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Archives for July, 2006

For Your Sunday Viewing Pleasure

Via Genetics and Health comes this cartoon movie of DNA replication. If you’ve never taken a molecular genetics course, this may be new to you.

A Few Links for Your Sunday

Here is some light reading for your Sunday: Mosquitoes sing to each other by flapping their wings. This paper reports sexually dimorphic responses to wing beat patterns in mosquitoes (PZ Myers has a good review). This leads me to wonder whether we can study intra- and inter-specific differences in flight behavior and response, which then…

Who (or What) Deserves Protection?

At one point in my life, I wanted to study conservation genetics. Now, I just make fun of molecular ecologists and their flawed data. The most recent installment of Ask A ScienceBlogger takes me back to the days before I discovered the wonders of genomics: Is every species of living thing on the planet equally…

The Future of 454

The Scientist is linking to an imaginary1 article from PNAS in which researchers compare the cost of sequencing microbial (I’m guessing they mean bacteria) genomes using the traditional Sanger method and the hot new technology developed by 454. Not so surprisingly, they find that a hybrid method — ~5x coverage with Sanger followed by a…

More Uses for the “-ome” Suffix

The genome encodes all of the RNAs and contains sequences responsible for the transcription of those RNAs and the proper folding and wrapping of the cromosomes. The RNAs encoded by the genome are collectively known as the transcriptome. The transcripts that are translated into proteins represent the proteome or the ORFeome (depending on the context).…

Dolly is 10 Years Old

I’ve missed the last two Ask A ScienceBlogger questions. My lack of answers were due to a combination of being busy and apathy toward the questions — more busy with the science education question and apathy for the science policy question. But this week’s question is on cloning, so I kind of feel obligate to…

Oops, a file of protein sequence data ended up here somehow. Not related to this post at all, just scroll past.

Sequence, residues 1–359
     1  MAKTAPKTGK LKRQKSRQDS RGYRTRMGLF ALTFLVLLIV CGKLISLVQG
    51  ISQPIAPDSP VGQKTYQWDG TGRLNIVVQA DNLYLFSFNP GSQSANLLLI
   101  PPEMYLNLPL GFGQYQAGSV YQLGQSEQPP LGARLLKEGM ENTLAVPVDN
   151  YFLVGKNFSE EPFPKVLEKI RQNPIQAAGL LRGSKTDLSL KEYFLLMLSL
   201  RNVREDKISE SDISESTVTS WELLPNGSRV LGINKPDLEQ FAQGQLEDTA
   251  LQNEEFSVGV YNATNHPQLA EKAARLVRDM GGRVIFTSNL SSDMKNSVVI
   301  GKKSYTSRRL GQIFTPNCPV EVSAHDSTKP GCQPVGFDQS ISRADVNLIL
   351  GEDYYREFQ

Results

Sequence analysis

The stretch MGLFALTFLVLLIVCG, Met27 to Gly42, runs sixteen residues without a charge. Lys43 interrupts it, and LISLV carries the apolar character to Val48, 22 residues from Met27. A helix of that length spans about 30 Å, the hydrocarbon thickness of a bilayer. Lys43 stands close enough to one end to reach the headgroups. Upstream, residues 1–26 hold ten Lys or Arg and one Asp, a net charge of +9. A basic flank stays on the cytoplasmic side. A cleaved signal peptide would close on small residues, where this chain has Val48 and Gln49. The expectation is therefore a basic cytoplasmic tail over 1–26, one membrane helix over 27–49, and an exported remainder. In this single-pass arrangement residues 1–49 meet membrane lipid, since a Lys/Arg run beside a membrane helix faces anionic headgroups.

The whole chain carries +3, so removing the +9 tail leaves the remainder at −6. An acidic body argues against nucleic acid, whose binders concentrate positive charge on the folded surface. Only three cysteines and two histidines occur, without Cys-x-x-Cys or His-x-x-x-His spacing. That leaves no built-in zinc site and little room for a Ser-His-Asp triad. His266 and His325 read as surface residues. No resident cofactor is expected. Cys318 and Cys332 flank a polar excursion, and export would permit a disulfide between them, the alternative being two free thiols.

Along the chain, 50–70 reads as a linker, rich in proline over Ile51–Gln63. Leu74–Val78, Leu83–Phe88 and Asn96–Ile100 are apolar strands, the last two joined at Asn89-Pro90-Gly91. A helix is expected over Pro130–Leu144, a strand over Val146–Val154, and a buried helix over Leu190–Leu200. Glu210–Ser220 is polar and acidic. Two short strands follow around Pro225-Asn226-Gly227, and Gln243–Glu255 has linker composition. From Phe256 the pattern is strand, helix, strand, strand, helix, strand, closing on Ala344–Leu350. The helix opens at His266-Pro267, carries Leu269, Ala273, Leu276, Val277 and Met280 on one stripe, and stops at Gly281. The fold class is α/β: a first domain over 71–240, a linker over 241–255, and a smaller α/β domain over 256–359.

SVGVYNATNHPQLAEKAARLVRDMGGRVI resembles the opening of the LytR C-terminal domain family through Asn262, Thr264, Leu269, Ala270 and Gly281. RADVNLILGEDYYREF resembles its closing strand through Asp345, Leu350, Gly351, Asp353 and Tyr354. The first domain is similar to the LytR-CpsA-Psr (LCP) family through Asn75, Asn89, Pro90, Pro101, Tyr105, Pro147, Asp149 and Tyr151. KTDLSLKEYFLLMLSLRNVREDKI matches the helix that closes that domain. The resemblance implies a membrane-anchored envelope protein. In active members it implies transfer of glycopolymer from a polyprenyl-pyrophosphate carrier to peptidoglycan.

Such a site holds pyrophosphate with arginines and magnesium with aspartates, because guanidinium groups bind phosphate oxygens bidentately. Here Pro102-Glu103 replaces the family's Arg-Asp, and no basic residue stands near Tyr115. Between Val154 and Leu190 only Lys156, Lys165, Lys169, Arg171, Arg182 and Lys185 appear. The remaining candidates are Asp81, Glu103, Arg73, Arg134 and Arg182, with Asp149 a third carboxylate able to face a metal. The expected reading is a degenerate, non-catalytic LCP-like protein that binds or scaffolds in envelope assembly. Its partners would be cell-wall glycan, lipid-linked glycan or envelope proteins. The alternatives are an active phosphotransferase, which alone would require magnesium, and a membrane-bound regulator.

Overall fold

Hsien Lei is continuing her interview series at Genetics and Health. Interview #6 is with Psychologist Deborah Serani. When asked how genetics figured into her education, Dr. Serani replied: My family was very science-based given that my dad was a Chiropractor. I have a hard time following her logic. You’d think being “science-based” would steer…

We’re #28!!!!

The Nature Genetics blog, Free Association, links to evolgen (at the old URL — update your links dudes). We’ve pointed this out before. It’s nothing new. Now Nature, the big dog of science publishers, is ranking science blogs. Here is the story. Pee Zed is numero uno (big surprise), but the entire list is heavy…

France is Hell Bent for Leather

France’s diminutive goalkeeper Fabien Barthez and Judas Priest frontman Rob Halford:

Empty DNA

Mitochondrial DNA (mtDNA) is one of the most used markers in molecular ecology1. A good molecular marker for population level studies should be neutral, so that researchers can use it to infer things like: Population size and changes in population size (expansions and bottlenecks); Population structure; And phylogeographic relationships. A recent meta-analysis of mtDNA polymorphism…